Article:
Format

Send to

Choose Destination
Postgrad Med J. 2006 Dec;82(974):830-2.

Serosal appendicitis: incidence, causes and clinical significance.

Author information

1
Department of Surgery, James Paget General Hospital, Gorleston, Great Yarmouth, Norfolk NR31 6LA, UK. npranesh@hotmail.com

Abstract

BACKGROUND:

Serosal appendicitis is a histopathological diagnosis of an inflammatory reaction on the surface of the appendix caused by an extra appendiceal source of inflammation.

OBJECTIVE AND METHODS:

A retrospective review of a pathology database in a district general hospital identified patients with serosal appendicitis and a preoperative diagnosis of appendicitis. Two groups emerged: patients with serosal appendicitis secondary to a known cause of intra-abdominal inflammation and those in whom the cause remained unknown. The groups were compared with respect to postoperative complications, referral to outpatient clinics, admissions and procedures by case-note analysis.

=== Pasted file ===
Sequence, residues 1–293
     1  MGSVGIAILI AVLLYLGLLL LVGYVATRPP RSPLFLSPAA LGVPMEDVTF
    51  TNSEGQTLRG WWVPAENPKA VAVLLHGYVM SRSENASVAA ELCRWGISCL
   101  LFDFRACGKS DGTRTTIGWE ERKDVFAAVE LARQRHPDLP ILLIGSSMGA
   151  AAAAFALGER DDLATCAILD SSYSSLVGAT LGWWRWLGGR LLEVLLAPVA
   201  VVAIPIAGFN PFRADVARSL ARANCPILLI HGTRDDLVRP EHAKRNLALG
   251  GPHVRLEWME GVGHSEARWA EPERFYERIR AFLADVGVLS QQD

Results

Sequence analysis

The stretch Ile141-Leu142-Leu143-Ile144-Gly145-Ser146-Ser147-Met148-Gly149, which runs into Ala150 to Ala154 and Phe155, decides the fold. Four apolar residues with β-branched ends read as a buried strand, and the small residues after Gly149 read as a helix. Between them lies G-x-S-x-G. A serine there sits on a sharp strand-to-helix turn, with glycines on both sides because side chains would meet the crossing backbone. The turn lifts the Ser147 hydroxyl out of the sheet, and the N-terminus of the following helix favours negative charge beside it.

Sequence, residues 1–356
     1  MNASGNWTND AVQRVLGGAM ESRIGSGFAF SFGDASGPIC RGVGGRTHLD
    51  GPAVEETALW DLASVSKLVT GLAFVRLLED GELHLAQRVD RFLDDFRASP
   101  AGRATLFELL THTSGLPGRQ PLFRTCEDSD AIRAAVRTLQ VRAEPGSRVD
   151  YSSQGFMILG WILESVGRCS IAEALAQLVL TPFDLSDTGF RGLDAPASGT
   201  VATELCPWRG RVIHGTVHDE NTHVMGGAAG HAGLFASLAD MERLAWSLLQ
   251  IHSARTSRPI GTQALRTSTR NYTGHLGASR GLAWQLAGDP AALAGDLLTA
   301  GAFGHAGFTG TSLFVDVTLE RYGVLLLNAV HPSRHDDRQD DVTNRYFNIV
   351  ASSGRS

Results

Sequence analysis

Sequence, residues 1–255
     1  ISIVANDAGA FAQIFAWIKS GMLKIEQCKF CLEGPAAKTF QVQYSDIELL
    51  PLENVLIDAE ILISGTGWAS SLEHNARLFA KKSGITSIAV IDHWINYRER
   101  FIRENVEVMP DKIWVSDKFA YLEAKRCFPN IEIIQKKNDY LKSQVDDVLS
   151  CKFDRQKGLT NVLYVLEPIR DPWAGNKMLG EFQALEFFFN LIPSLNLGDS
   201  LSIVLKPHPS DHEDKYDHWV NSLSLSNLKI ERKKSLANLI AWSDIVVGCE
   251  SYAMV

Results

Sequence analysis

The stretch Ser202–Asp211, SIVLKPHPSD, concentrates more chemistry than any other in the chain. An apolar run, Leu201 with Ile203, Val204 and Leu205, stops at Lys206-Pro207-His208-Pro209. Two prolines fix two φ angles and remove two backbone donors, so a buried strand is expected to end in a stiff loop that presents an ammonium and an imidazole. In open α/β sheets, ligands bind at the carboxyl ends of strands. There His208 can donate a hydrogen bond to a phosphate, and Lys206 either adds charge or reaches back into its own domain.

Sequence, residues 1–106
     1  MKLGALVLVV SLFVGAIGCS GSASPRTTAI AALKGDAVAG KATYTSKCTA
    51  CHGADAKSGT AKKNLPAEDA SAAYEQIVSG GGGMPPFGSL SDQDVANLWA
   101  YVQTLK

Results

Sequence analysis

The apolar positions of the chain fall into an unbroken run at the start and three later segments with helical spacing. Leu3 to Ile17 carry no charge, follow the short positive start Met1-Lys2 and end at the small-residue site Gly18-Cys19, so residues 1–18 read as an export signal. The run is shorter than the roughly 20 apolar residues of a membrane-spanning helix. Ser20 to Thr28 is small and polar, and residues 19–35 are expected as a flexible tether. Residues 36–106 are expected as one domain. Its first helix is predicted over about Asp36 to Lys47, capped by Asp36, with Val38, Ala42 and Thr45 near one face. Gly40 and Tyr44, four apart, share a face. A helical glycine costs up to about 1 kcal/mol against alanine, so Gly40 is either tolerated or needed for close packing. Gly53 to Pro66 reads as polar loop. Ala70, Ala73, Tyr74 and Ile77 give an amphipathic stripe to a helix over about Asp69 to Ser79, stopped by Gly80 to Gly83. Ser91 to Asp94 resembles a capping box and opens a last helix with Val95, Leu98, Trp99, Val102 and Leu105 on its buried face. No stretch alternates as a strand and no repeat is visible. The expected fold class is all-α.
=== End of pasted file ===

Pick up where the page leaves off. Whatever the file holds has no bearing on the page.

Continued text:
RESULTS:

The incidence of serosal appendicitis was 0.01% (19/1379); 17 women; mean age 31.63 (10.49) years. Lanz incision was used in 16 patients, midline laparotomy in two and laparoscopy in one. A preoperative ultrasound scan was carried out in 5 of 19 patients. The cause of serosal appendicitis was confirmed in eight patients (intraoperatively or postoperatively) and remained unknown in 11 patients. The groups were comparable with respect to age, sex and mean follow-up. No significant difference was observed between them with respect to the above parameters.

CONCLUSIONS:

No further investigation is necessary in patients who undergo an appendicectomy but in whom the pathological diagnosis is serosal appendicitis. However, considering the patient demographics and the fact that patients with serosal appendicitis have probably undergone an unnecessary appendicectomy, the proportion of patients who underwent ultrasound scanning and diagnostic laparoscopy was small.

PMID:
17148708
PMCID:
PMC2653932
DOI:
10.1136/pgmj.2006.049916
[Indexed for MEDLINE]
Free PMC Article

Supplemental Content

Full text links

Icon for HighWire Icon for PubMed Central
Loading ...
Support Center